New Year's Resolutions for Developers
The first week of the year is an arbitrary but traditional time to reflect on
the 366 days to come. If you're like most developers, you managed to take at
least a bit of a breather in the last two weeks, and now you're ready to get
back to work. But before you immerse yourself completely in the same old grind,
consider this: if you don't do something about it, every day your skills get one
more day out of date. In this competitive world, that's a recipe for disaster
somewhere down the line.
So before you start in on the routine coding again, take those few moments to
reflect and resolve. You worked hard to get to this point in your career, and if
you keep working hard your career will continue to thrive. One of the best
things you can do to help that happen is to broaden your skills, so as to be
able to answer "yes" to more potential jobs. With that in mind, here are half a
dozen suggestions for resolutions you might like to make.
1. Learn a new language. One of the easiest things you can do to keep
your mental gears lubricated is to investigate a new-to-you computer language.
Even if your boss doesn't want to rewrite the flagship product from C++ to Lisp,
there's no reason you can't experiment on your home computer. For the most
stretching of your mind, learn a language that's vastly different from your
normal run: Haskell if you're a C jockey, for example, or Ruby if you're a
Visual Basic fanatic.
2. Test-drive a new operating system. One thing's for sure: your
current operating system isn't going to be around in a decade, even if you are.
Even if you're a Windows user who intends to stick with Microsoft products, it's
looking like Longhorn will be a wrenching change from the Windows versions we
know now. With that sea change coming, why not look around a bit? With virtual
machine technology from Microsoft Virtual PC
2004 and VMWare
Workstation 4, it's easy to experiment with a new OS without having a whole
machine to spare. Don't limit yourself to just Windows or Linux; there are lots
of other interesting operating systems out there, from the various BSDs to MenuetOS. Each one will show you another way
of looking at the fundamentals of your computer.
3. Learn a new technology.The palette of available technologies to
choose from is almost unlimited, and surely you don't know them all: code
generation, WMI, public-key cryptography, EJBs, stack overflow prevention,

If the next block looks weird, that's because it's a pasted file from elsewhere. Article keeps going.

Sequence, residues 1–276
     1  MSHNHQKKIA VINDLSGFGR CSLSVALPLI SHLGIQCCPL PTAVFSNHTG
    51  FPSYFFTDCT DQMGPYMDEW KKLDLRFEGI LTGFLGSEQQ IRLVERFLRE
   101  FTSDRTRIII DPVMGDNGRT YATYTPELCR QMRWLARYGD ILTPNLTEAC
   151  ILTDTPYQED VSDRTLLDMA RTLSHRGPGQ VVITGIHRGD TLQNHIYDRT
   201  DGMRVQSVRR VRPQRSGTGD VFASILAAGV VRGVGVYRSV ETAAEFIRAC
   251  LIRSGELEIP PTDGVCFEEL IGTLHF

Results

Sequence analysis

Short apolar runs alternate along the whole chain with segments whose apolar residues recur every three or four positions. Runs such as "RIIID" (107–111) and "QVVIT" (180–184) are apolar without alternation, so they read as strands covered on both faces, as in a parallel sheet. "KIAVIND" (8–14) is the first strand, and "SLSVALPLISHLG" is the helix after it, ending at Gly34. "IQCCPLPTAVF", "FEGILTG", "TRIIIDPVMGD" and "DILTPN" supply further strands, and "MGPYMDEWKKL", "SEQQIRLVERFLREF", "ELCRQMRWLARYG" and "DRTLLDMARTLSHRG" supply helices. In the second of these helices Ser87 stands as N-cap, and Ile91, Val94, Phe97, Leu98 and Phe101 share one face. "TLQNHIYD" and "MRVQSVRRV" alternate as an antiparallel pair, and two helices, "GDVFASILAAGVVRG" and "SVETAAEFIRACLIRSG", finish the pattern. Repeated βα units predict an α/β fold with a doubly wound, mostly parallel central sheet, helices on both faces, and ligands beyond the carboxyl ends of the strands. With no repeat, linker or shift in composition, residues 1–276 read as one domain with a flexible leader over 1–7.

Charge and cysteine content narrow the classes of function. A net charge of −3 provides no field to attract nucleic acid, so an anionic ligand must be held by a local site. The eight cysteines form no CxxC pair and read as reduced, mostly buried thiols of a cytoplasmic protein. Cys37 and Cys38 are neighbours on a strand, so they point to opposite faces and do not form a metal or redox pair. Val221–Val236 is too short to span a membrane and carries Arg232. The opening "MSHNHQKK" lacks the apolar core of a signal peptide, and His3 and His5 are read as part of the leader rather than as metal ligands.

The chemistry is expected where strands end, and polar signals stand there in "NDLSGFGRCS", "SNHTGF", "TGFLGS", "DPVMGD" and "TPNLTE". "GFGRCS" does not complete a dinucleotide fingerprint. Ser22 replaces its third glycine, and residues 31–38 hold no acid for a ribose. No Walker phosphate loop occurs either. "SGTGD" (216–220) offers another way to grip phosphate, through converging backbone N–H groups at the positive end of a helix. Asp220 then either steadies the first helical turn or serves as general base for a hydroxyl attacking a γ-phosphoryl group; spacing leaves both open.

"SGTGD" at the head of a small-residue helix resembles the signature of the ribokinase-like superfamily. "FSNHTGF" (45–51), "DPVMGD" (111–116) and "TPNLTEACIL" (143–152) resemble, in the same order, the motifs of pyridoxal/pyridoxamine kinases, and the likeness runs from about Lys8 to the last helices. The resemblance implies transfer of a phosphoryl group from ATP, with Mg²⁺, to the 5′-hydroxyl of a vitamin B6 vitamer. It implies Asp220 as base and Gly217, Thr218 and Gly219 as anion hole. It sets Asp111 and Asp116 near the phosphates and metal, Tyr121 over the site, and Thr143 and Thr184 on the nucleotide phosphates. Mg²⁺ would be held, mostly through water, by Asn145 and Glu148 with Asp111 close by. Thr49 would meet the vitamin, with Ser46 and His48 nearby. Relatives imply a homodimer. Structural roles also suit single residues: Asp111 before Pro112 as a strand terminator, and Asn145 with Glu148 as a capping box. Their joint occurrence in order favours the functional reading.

add-in creation...I could extend this list indefinitely. Pick something that
looks interesting and dig in. You never know what will come in useful down the
line, and the exercise will help keep you sharp.
4. Read about the craft of software. There are a lot of good books
there that reflect on how we do what we do. Have you read them all? If not, this
year would be a great time to dig into the bookshelves. Here is a very small
sample of the books that I think every developer should read:
- The Mythical Man-Month, by Frederick P. Brooks, Jr.
- Code Complete, by Steve McConnell
- Writing Solid Code, by Steve Maguire
- Peopleware, by Tom DeMarco and Timothy Lister
- The Pragmatic Programmer, by Andrew Hunt and David Thomas
- Refactoring, by Martin Fowler
Even if you've read all six of those, there are plenty of other thoughtful
books out there. This profession has been around for more than half a century
now; there's no need for us to be reinventing all of the wheels every year.
5. Share your knowledge. There are few things better for cementing
own understanding of a technology than trying to explain it to others. If your
company has a lunchtime seminar series, sign up to present one. If you're
feeling a bit more ambitious, write an article for one of the online or print
publications. If you're feeling really ambitious, pitch a book proposal.
(If writing interests you but you don't know where to start, check out my own Advice for Writers
6. Treat yourself to a productivity tool. How much is your time worth
per hour? And what's holding you back from making the most of those hours? None
of us can afford to buy all of the hardware and software that we'd really like
to have, but you can probably break loose a few hundred dollars some time during
the year to invest in your own productivity. Maybe that means doubling the RAM
in your computer or buying a code generation tool or getting set up with a copy
of the IDE you've been itching to try out. Pick one targeted improvement to your
work environment and go for it; keeping yourself happy and interested is another
great way to keep your career on track.
Mike Gunderloy has been developing software for a quarter-century now, and writing about it for nearly as long. He walked away from a .NET development career in 2006 and has been a happy Rails user ever since. Mike blogs at A Fresh Cup.